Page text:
Toussaint L'Ouverture

By John Beard,

Why should I read it?

1 author picked Toussaint L'Ouverture as one of their favorite books, and they share why you should read it.

What is this book about?

This is a reproduction of a classic text optimised for kindle devices. We have endeavoured to create this version as close to the original artefact as possible. Although occasionally there may be certain imperfections with these old texts, we believe they deserve to be made available for future generations to enjoy.


All Souls' Rising

By Madison Smartt Bell,

Book cover of All Souls' Rising: A Novel of Haiti

As I prepared to write my own novel on Haiti, I searched for a novel of merit already written as part of my preparation. I found this work of Madison Smartt Bell, which was nominated for the National Book Award. This author proved to be a master of the language. I admired his ability to bring Toussaint alive, as well as picturing the culture of the time, and the complexities of a war that changed history.  

All Souls' Rising

By Madison Smartt Bell,

Why should I read it?

1 author picked All Souls' Rising as one of their favorite books, and they share why you should read it.

What is this book about?

"A serious historical novel that reads like a dream." --The Washington Post Book World

"One of the most spohisticated fictional treatments of the enduring themes of class, color, and freedom." --San Francisco Chronicle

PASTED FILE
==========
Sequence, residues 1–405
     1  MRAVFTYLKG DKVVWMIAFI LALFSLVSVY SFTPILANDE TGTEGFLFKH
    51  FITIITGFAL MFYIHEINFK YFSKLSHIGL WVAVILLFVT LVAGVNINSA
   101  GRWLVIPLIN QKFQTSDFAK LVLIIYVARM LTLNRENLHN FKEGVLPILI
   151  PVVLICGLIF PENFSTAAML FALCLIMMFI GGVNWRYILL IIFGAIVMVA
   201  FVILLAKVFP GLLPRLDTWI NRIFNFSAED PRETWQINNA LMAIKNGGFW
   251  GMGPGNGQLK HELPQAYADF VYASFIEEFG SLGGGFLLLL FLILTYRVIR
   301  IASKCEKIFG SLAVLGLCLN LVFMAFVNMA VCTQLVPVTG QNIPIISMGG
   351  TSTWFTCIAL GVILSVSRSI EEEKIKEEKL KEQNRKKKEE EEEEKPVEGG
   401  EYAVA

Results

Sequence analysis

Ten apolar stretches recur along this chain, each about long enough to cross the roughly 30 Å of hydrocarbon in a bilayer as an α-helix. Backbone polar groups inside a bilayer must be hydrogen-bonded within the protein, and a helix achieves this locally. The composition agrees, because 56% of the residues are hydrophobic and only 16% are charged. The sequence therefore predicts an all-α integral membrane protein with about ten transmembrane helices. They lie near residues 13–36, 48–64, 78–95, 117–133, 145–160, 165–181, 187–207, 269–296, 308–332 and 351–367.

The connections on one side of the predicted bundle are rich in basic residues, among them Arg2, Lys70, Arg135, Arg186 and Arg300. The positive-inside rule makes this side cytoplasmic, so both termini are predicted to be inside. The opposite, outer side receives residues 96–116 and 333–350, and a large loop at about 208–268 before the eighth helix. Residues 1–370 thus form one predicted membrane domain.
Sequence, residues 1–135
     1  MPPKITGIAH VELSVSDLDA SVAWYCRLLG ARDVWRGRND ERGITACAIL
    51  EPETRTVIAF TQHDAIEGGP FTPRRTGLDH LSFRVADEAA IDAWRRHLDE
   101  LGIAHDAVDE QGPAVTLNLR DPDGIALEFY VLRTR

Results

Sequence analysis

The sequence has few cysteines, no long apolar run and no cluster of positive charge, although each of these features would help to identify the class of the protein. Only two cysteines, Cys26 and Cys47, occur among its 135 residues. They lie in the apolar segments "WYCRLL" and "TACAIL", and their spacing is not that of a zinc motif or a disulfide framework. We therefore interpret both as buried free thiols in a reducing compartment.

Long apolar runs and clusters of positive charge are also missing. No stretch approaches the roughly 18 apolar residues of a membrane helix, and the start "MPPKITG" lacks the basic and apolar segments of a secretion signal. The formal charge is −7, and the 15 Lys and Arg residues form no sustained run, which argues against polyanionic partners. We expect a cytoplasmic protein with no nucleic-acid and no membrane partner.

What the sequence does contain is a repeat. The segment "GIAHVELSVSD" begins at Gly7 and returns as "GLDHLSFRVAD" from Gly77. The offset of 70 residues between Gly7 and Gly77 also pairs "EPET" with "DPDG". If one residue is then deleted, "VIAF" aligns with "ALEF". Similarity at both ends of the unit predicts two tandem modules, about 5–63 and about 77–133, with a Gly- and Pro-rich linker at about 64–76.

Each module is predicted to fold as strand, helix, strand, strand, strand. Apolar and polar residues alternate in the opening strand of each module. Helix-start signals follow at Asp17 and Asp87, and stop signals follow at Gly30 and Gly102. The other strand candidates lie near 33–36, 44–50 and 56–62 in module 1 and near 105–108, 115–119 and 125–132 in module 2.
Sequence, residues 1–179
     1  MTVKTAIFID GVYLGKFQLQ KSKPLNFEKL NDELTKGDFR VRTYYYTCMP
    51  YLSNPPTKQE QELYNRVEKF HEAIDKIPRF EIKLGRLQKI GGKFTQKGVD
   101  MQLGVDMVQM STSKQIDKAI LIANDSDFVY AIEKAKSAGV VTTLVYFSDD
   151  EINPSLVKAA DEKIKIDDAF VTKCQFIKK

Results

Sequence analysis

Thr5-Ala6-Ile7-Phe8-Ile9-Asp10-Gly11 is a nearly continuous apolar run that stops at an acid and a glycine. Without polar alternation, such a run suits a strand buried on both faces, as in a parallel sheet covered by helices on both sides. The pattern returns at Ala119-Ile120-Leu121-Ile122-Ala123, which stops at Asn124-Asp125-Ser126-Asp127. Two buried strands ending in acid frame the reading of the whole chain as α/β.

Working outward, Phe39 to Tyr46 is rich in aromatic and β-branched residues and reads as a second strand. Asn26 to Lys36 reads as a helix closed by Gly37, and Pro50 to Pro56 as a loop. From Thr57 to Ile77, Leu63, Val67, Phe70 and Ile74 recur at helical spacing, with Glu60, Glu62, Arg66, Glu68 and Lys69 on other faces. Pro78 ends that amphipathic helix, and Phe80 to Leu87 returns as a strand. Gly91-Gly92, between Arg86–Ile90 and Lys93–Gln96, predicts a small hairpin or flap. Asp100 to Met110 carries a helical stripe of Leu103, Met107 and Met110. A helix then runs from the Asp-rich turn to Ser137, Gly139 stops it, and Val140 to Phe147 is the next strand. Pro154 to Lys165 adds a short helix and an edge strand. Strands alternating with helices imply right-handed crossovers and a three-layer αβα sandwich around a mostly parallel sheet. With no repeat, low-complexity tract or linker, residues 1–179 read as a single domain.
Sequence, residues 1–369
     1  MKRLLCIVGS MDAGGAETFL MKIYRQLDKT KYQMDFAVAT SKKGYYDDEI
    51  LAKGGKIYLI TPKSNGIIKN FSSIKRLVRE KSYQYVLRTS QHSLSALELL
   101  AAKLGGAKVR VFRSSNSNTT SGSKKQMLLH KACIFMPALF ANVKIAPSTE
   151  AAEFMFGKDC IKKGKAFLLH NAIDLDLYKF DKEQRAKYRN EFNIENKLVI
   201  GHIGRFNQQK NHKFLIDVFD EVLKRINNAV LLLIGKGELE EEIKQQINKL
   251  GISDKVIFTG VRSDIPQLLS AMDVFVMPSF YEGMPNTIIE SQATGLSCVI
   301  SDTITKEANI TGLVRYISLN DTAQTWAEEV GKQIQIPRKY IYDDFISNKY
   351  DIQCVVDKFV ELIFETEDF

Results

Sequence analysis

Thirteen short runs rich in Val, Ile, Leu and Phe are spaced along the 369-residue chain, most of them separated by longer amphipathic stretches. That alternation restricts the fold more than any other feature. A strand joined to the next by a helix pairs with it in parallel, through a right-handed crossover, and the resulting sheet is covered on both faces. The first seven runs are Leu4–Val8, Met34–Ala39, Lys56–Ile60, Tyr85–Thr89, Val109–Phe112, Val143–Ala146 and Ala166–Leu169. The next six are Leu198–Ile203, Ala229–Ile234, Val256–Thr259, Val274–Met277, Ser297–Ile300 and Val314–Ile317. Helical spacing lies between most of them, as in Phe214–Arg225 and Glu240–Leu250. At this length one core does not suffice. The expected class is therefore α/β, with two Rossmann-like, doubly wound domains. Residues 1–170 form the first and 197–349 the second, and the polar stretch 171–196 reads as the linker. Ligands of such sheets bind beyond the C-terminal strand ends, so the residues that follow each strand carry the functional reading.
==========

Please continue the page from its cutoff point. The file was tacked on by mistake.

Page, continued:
NATIONAL BOOK AWARD FINALIST
PEN/FAULKNER AWARD FINALIST 

This first installment of the epic Haitian trilogy brings to life a decisive moment in the history of race, class, and colonialism. The slave uprising in Haiti was a momentous contribution to the tide of revolution that swept over the Western world at the end of the 1700s. A brutal rebellion that strove to overturn a vicious system of slavery,…


In the Time of the Butterflies

By Julia Alvarez,

Book cover of In the Time of the Butterflies

A novel based on the real-life story of the three Mirabal sisters, known as las mariposas (the butterflies) who became national heroes for their resistance to the dictator Generalissimo Rafael Leonidas Trujillo. The murder of these three courageous women by Trujillo’s henchmen helped to catalyze his downfall after more than 30 years of iron-fisted rule. When my publisher sent her an advance copy of my book in 1999, Julia sent me a lovely hand-written note that began more than two decades of friendship. Readers particularly interested in the contemporary relationship between the Dominican Republic and Haiti will find her non-fiction book, A Wedding in Haiti, well worth a read.